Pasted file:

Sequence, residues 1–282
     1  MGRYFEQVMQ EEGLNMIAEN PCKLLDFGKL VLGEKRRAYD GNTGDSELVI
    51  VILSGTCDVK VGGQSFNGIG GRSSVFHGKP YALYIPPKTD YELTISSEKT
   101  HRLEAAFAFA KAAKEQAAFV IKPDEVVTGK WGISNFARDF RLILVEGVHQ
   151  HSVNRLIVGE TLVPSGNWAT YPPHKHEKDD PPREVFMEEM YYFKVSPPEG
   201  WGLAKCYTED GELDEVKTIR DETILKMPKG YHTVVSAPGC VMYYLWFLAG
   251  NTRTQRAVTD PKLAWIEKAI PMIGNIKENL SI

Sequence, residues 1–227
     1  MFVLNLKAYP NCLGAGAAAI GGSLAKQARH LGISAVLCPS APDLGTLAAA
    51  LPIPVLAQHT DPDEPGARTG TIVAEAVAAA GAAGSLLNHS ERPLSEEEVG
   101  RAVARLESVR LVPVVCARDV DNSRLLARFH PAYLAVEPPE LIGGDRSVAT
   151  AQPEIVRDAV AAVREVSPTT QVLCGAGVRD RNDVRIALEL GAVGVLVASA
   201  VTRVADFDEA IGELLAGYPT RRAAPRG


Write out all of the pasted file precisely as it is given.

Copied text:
Sequence, residues 1–282
     1  MGRYFEQVMQ EEGLNMIAEN PCKLLDFGKL VLGEKRRAYD GNTGDSELVI
    51  VILSGTCDVK VGGQSFNGIG GRSSVFHGKP YALYIPPKTD YELTISSEKT
   101  HRLEAAFAFA KAAKEQAAFV IKPDEVVTGK WGISNFARDF RLILVEGVHQ
   151  HSVNRLIVGE TLVPSGNWAT YPPHKHEKDD PPREVFMEEM YYFKVSPPEG
   201  WGLAKCYTED GELDEVKTIR DETILKMPKG YHTVVSAPGC VMYYLWFLAG
   251  NTRTQRAVTD PKLAWIEKAI PMIGNIKENL SI

Sequence, residues 1–227
     1  MFVLNLKAYP NCLGAGAAAI GGSLAKQARH LGISAVLCPS APDLGTLAAA
    51  LPIPVLAQHT DPDEPGARTG TIVAEAVAAA GAAGSLLNHS ERPLSEEEVG
   101  RAVARLESVR LVPVVCARDV DNSRLLARFH PAYLAVEPPE LIGGDRSVAT
   151  AQPEIVRDAV AAVREVSPTT QVLCGAGVRD RNDVRIALEL GAVGVLVASA
   201  VTRVADFDEA IGELLAGYPT RRAAPRG